Understanding the Elder Care Ecosystem

Consistent readers of this blog (whom I greatly appreciate) can attest that I rarely share my real life experiences with elder care in this forum. Although life’s experiences can certainly inform, I too often read blogs that are profoundly individualistic, focusing more on feelings than on ideas or actions and offer little in the way of synthesis. Often, after reading a blog, I’m left with the simple question a favorite, former law professor of mine regularly asked a first year law student recited the facts and findings of a case, “so what?”

What do I blog about?

In this blog, I teach about the forces which drive the daily experiences of millions of Americans as they rely on the long term care services and supports (LTSS) industry, or my preferred term: the elder care ecosystem. This ecosystem is a set of complex, interdependent relationships between individuals, regulators, payment sources and care providers  and it impacts the lives over 13 percent of the nation.

But why blog?

After twenty years as a skilled nursing services provider and another eight as a volunteer for a non-profit LTSS agency, I’ve seen and learned much about the LTSS system. Too often I witness elders and their families in distress when the need for LTSS arises – often suddenly – and they must learn (quickly) how to access services and negotiate the complicated interaction between services and payment sources.

For example, who does a son turn to, when his 78 year-old mother, newly admitted to a nursing home’s rehab unit, is experiencing delusions and screams through the night? Or where does a daughter turn to for help when she notices a rapid decline in her mother’s health and her mother refuses to seek medical care? Or the gentleman who believes it is time to a continuing care retirement community, but has no one to advise him on the myriad of financial and lifestyle implications of such a move?

This I believe

Understanding the funding, regulation and development of long term care services and supports can turn passive consumers of LTSS into informed advocates for improved accesses to the appropriate services necessary to reach the highest practicable quality of life for the people we love and care for, as well as ourselves.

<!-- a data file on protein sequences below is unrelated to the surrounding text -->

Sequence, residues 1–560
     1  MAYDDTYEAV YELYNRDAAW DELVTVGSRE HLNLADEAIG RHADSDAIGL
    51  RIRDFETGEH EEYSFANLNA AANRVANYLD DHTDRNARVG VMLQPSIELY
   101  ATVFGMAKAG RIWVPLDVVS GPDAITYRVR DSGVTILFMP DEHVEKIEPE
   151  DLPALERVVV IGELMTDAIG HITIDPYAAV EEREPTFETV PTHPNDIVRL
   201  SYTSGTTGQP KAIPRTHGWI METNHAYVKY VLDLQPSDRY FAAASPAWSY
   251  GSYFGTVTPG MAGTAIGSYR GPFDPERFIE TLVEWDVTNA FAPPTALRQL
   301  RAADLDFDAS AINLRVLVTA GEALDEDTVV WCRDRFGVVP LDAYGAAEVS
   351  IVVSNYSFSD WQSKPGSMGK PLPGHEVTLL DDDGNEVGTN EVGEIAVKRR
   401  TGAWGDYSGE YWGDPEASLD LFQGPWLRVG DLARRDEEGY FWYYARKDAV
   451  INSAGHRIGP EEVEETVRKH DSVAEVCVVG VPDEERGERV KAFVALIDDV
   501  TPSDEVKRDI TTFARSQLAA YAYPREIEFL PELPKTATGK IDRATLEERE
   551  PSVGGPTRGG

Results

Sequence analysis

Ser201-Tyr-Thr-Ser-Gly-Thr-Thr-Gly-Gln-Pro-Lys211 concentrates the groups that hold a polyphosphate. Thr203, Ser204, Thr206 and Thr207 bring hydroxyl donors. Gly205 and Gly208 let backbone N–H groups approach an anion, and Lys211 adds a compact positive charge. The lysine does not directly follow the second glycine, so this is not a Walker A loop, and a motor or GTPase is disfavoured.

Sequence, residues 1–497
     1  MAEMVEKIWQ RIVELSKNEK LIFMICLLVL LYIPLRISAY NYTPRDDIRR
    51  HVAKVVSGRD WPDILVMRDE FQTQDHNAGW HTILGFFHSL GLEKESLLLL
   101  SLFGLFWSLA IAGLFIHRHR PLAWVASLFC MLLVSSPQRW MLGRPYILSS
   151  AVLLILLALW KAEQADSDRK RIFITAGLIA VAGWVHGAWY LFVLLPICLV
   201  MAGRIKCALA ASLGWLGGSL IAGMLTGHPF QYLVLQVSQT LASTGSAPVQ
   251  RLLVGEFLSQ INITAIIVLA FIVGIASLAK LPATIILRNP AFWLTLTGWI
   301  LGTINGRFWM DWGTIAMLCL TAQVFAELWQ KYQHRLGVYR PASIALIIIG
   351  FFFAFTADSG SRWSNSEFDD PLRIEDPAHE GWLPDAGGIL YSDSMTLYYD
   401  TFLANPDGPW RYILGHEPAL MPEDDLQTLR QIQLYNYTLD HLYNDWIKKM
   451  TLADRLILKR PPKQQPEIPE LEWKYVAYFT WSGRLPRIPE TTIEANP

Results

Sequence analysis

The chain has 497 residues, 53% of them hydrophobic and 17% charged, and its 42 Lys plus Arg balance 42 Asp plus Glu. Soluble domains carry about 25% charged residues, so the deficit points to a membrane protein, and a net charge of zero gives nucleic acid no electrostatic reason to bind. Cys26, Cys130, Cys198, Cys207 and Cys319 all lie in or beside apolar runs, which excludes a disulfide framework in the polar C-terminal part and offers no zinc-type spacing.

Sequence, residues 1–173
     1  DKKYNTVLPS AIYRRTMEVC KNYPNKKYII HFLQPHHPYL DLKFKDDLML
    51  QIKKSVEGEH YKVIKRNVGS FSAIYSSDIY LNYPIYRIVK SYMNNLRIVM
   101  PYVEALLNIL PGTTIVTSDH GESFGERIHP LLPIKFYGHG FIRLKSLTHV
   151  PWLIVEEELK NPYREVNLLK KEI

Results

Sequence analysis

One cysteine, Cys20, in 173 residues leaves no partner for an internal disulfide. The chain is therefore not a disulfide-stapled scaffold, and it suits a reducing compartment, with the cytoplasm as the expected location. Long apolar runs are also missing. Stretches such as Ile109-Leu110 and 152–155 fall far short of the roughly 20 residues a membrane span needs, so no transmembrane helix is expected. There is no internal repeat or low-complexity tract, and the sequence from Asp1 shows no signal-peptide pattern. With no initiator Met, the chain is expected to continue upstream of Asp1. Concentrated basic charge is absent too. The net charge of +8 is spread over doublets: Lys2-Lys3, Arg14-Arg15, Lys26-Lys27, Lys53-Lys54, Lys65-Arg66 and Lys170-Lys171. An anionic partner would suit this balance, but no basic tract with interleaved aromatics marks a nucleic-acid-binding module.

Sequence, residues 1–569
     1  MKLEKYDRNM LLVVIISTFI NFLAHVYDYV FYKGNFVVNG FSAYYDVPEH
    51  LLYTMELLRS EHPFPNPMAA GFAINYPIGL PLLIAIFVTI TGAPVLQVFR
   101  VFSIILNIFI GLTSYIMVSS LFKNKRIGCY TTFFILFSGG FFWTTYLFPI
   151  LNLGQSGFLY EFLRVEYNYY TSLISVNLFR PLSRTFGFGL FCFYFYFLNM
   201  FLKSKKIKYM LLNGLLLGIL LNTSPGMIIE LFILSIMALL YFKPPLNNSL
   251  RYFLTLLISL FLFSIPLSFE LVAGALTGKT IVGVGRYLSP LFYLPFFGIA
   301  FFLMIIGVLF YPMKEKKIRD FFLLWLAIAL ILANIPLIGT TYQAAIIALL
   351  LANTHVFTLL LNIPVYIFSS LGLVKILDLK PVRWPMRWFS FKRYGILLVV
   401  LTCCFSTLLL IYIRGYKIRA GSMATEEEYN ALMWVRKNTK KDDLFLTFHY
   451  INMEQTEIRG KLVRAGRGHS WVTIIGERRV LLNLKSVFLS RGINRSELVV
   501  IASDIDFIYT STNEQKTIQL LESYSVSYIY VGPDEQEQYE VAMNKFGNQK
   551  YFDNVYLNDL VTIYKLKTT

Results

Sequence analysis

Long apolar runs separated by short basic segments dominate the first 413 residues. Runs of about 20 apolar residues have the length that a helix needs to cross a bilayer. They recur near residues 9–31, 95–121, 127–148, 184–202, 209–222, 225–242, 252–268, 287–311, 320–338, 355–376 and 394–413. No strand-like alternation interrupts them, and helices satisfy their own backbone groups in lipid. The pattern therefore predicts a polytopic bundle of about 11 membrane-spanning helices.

There are many skilled wordsmiths on the Internet whose blogs capture the feelings of elders and their families and friends as they bare witness to the effects of aging on mind, body and spirit. I’m a great fan of these blogs and am often moved to tears by their emotional accounts of the lives of older adults and the journey of growing older. But, my talent (hopefully) lies in explaining the ecosystem of elder care and so I blog when a topic peaks my interest because it reveals something important about the current, or future state of the elder care ecosystem.

Thank you and learn more on Twitter @aginginchicago

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    Bruce Lederman

    Bruce Lederman has over 25 years experience in the senior care field as a direct care provider and thought leader. Bruce was CEO and president of his own firm that operated skilled nursing facilities in Illinois. He is a former nursing home administrator and has consulted to numerous elder care providers on planning for strategic growth as well as process improvement. Recently he served as board chair of CJE SeniorLife, a leading non-profit elder care provider in the Chicago area. Bruce is currently employed as chief strategy officer for a multi-facility skilled nursing facility company.

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